The goal of this Forum is to dialogue in the spirit of Dr. King's beloved community:  to participate in a way that "transform[s] opposers into friends" and that cultivates the type of "understanding goodwill" that "will bring about miracles in the hearts of men." Therefore, we ask that you please keep these guidelines in mind as you participate.


Please do your best to be mindful of using inclusive, respectful and empowering language and images. This is your chance to model (and learn from other's modeling) how even the way we use language makes a difference! Here's a useful Conscious Style Guide if you're interested to learn more.


  • Read to understand others' points of view.

  • Don't be afraid to respectfully challenge one another by asking questions, but please keep the focus on ideas (not on the person sharing them). Build your argument by supporting your opinion with facts, research, or other sources. That way we can all learn.

  • Respond from your own experience instead of generalizing ("I" instead of "they," "we," and "you").

  • Participate to the fullest of your ability -- community growth depends on the inclusion of every individual voice.

  • Remember that the goal is not to agree -- it is to gain a deeper understanding and appreciate difference. May we all benefit from a healthy exchange of ideas and learn a little more about the people in our community, what they think, and what’s important to each of us. You may end up changing your mind about an issue; but even if you don’t, hopefully everyone will gain a greater understanding of why people have different perspectives.*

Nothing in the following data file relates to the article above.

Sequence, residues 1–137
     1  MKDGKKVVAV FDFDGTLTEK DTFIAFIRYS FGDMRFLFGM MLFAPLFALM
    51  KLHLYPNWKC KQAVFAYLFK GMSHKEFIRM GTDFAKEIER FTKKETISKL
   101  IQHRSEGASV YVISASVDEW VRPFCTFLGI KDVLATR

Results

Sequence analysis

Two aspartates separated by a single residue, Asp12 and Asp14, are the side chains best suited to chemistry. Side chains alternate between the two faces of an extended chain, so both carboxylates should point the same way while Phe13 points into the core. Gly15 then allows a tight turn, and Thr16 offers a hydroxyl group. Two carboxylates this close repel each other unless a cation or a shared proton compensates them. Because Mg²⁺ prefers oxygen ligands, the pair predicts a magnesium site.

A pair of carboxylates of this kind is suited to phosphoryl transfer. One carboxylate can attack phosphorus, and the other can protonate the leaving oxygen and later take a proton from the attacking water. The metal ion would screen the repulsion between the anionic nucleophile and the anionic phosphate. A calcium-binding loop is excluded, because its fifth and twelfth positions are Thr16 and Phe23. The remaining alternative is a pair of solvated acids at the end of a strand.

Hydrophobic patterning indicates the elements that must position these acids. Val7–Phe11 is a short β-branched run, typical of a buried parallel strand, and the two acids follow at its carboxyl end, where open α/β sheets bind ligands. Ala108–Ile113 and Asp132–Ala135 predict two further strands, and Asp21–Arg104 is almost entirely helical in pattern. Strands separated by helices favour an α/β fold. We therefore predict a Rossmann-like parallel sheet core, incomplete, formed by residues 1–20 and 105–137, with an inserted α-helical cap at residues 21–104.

Above all, please remember that this discussion and our community's growth from it, depends upon trust and mutual respect. To maintain that trust, we ask that participants honor the courage it takes to make oneself vulnerable as a learner and refrain from judging others and from sharing or discussing these conversations with others who are not a part of this community.

*Adapted from Paul Gorski's Guide for Setting Ground Rules and Marianne Mead Ward's A Commitment to Respectful Dialogue.